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Freshers' flu: what actually is it?

The last year has prepped us all for COVID-19 - but just how much do you know about freshers' flu?

By James Emery, SciTech Deputy Editor

The last year has prepped us all for COVID-19 - but just how much do you know about freshers' flu?

Nearly everyone who has been through freshers' week will have tales of the infamous 'freshers' flu' which leaves you feeling down in the dumps. But what actually causes this illness and what are the best ways to avoid it?

Did you know that ‘fresher’s flu’ is not necessarily even caused by the flu virus? In fact, it’s actually just a really bad cold which is brought on by a range of factors that you are exposed to in your first few weeks at university. These factors work together to weaken your immune system and make you more susceptible to a range of viruses that target your respiratory tract, the most common of which is the rhinovirus.

These infections then cause you to be congested, have a runny nose, a sore throat, and just feeling generally tired (which isn’t what you want in your first few weeks at university!)

Freshers' week is a melting pot of different viruses

The main factor that causes all of this is the coming together of thousands of different people at the start of term, all of them from different places. This then makes freshers' week a melting pot of different viruses which you will not have immunity to, leaving you susceptible to getting an infection. These viruses are then spread around when students mingle together at events like the freshers' fair and club nights, and before you know it nearly everyone is feeling under the weather.

The amount of drinking that takes place during freshers' week also plays a key role in getting sick. This is due to alcohol being an immune suppressant, mainly through damaging cells within the respiratory tract and stomach, and causing impairments in immune cells throughout the body.

Alcohol acts as an immune suppressant | Epigram/James Emery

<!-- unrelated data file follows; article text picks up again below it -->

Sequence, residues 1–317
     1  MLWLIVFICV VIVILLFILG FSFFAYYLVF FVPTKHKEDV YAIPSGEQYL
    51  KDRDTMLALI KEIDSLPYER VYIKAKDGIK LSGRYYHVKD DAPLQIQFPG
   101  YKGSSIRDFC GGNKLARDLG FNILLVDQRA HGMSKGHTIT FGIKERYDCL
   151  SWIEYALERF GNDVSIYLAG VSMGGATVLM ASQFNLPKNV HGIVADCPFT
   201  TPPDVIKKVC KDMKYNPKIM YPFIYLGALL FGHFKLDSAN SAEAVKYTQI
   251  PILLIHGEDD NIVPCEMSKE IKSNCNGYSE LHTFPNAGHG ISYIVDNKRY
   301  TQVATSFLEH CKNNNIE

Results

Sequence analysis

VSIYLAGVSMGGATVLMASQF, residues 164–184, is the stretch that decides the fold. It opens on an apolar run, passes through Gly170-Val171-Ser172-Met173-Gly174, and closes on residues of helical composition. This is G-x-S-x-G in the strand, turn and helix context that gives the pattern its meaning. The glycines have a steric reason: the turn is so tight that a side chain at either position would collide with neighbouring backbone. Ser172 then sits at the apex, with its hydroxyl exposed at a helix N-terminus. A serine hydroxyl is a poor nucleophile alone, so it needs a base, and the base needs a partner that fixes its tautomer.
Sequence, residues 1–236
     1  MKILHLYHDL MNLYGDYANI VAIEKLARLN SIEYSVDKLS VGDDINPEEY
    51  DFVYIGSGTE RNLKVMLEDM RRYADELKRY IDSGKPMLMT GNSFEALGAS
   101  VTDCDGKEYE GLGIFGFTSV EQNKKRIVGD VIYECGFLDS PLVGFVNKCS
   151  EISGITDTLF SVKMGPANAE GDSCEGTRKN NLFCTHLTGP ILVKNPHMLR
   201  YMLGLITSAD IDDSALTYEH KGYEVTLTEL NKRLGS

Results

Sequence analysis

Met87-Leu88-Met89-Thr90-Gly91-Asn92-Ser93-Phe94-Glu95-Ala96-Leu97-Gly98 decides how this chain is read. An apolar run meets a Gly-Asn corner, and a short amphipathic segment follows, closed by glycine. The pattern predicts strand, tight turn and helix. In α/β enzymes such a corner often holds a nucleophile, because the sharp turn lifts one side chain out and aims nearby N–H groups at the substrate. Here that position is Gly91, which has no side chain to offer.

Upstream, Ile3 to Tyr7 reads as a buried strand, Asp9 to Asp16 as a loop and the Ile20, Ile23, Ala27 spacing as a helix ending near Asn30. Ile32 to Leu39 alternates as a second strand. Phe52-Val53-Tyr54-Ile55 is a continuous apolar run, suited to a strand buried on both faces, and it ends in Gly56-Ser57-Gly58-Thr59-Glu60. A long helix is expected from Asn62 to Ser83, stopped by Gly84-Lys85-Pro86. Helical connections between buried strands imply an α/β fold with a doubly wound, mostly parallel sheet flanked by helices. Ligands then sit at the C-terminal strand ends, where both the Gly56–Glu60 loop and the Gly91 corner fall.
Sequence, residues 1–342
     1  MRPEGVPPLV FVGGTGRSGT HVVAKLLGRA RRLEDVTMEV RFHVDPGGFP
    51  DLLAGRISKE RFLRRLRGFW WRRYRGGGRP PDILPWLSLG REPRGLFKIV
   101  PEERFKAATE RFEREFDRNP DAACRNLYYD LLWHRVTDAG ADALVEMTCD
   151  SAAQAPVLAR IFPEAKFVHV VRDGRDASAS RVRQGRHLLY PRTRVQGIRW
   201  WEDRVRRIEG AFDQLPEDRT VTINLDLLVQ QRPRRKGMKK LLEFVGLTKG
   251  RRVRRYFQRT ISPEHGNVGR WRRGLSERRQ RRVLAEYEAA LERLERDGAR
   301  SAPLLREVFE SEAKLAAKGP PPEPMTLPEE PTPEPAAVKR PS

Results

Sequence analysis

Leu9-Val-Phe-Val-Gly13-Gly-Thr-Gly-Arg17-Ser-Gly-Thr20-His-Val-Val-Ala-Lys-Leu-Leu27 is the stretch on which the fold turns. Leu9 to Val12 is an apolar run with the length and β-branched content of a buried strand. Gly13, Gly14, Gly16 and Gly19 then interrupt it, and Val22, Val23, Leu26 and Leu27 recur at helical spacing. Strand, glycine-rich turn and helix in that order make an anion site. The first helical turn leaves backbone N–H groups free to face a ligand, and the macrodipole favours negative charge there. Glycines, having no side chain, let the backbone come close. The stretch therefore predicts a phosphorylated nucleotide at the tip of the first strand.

The damage caused to the respiratory tract can cause the cilia, small hair-like appendages found on the epithelial cells which move mucus out of the lungs, to stop working. This contributes to increased infection due to the mucus and the pathogens trapped within it not being pushed up and out the lungs and into the stomach where they are destroyed. These effects on the immune cells not only make it easier for you to become ill but also exacerbate the symptoms, which is what makes you feel so awful!

Another major reason for catching freshers' flu is the diet that most of us have during freshers' week, which is not great to say the least. All the junk food that is usually eaten can really have an impact on the immune system. This happens due to the high amount of calories and fat found in junk food which causes the immune system to mount an inflammatory response. This inflammatory response could increase the severity of the symptoms of freshers' flu and make you feel even worse! Research at the University of Bonn has shown that unhealthy foods can also lead to immune suppression, making it even more likely for you to get ill.

So, what can you do to stop yourself from getting freshers' flu? I could tell you to not drink or eat junk food or stay up late during fresher’s week, but we all know that’s not going to happen.

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The best thing that you can do is to make sure that you drink plenty of water to keep yourself hydrated and flush the toxins from the alcohol out of your system. Try to swap the pizza for some veg a couple of times in the week - taking a vitamin can help as well! You can also put some of the skills we gained during the pandemic to use and sanitise regularly when going to bars and clubs or meeting large groups of people.

Featured Image: Unsplash/Kelly Sikkema

If you have any cold-like symptoms, always complete a lateral flow COVID-19 test as soon as possible, available from any pharmacy. The symptoms of fresher’s flu and COVID-19 are remarkably similar.